Zach tells Paula that he will later be stationed in Beeville, Texas to learn to fly jets. Beeville was actually home, until the mid nineties, of Naval Air Station Chase Field, where navy pilots trained. The base has since been closed and the site converted into prison transfer units and a trustee camp. It is near the site of a maximum security prison.
Initially the M.P.A.A. gave he film an X rating because of the sex scene in which Debra Winger was on top of Richard Gere and moved her hips in a way the censors did not approve. Thought was given to an appeal, but ultimately Taylor and Paramount opted to move in from the wide shot to closer one, making it less objectionable in the censor's eyes.
Eric Roberts was seriously considered for the lead role, but his manager, Bill Treusch, attended the meetings between Eric and director, Taylor Hackford , which led Hackford to finally have reservations that Treusch would not allow for a vital director/actor relationship to develop between Taylor and Eric.
During the scene at TJ's where Zack says goodbye to Paula, Seegar says "I can still taste that bug!" This refers to a deleted survival training scene (included in the novelization) where Zack goads Seegar into eating a bug that is crawling on the roof of their shelter, then is forced to eat one himself to avoid disgrace.
Though not stated, Sgt. Emil Foley is a Vietnam War veteran which is shown by his medal ribbons which includes the "Vietnam Service Medal" with three Campaign Stars, "Republic of Vietnam Campaign Medal w/ 1960's device" and "Republic of Vietnam Gallantry Cross Unit Citation". Foley also holds a "Bronze Star" with a Valor (V) added, a "Purple Heart", "Presidential Unit Citation", "National Defense Service Medal", "Combat Action Ribbon" and more.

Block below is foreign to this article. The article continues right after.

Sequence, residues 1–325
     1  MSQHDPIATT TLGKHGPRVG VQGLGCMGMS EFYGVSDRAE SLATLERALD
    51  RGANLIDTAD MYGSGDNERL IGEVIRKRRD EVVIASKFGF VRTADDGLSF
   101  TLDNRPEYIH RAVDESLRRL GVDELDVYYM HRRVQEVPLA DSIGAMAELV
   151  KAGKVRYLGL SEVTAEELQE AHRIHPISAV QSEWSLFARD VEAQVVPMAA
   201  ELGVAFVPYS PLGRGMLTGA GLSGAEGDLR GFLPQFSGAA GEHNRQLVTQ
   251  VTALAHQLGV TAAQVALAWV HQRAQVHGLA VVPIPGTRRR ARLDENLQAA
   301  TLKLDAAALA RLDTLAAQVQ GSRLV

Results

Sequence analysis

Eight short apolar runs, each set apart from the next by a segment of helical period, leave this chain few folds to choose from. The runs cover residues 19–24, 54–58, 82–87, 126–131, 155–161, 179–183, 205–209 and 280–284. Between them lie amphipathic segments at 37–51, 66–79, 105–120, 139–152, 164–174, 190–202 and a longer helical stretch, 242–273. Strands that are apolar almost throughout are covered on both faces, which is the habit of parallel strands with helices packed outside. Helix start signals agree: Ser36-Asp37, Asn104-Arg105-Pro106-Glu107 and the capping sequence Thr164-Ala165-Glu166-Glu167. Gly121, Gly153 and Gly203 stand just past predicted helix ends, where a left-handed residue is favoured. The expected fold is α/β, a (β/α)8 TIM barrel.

Richard Gere rides a 750cc Triumph T140E Bonneville introduced halfway in the 1978 selling season. Two T140E Bonnevilles were supplied by Dewey's Cycle Shop in Seattle, Washington. One had Receipt no.16787 dated April 8, 1981 as sold to Paramount Pictures.
In the United Kingdom, Paramount successfully linked with Triumph Motorcycles (Meriden) Ltd to do a mutual promotion. Cinemas showing the film would be promoted at their local Triumph dealer and T140E Triumph Bonnevilles supplied by the dealer would be displayed in cinema foyers.
As Zack is leaving his father's in the beginning, the battleships New Jersey (62), Missouri (63), and the aircraft carrier Hornet can be seen in the shipyard in the background. All three ships are now museums.